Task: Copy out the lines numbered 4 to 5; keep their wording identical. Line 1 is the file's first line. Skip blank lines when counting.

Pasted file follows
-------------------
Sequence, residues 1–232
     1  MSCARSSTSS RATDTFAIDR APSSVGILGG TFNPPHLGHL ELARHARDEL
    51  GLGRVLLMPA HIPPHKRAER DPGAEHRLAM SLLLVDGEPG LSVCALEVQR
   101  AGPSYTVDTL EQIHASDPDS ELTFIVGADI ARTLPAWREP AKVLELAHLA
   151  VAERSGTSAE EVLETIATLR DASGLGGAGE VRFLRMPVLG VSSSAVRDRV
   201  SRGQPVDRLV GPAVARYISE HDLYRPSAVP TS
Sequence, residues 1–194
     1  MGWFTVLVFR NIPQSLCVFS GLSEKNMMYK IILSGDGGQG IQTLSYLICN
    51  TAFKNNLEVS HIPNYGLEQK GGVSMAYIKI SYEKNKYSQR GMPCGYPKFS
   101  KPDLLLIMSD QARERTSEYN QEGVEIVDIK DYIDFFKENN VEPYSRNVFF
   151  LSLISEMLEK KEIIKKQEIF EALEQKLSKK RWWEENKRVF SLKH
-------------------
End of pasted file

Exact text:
   101  AGPSYTVDTL EQIHASDPDS ELTFIVGADI ARTLPAWREP AKVLELAHLA
   151  VAERSGTSAE EVLETIATLR DASGLGGAGE VRFLRMPVLG VSSSAVRDRV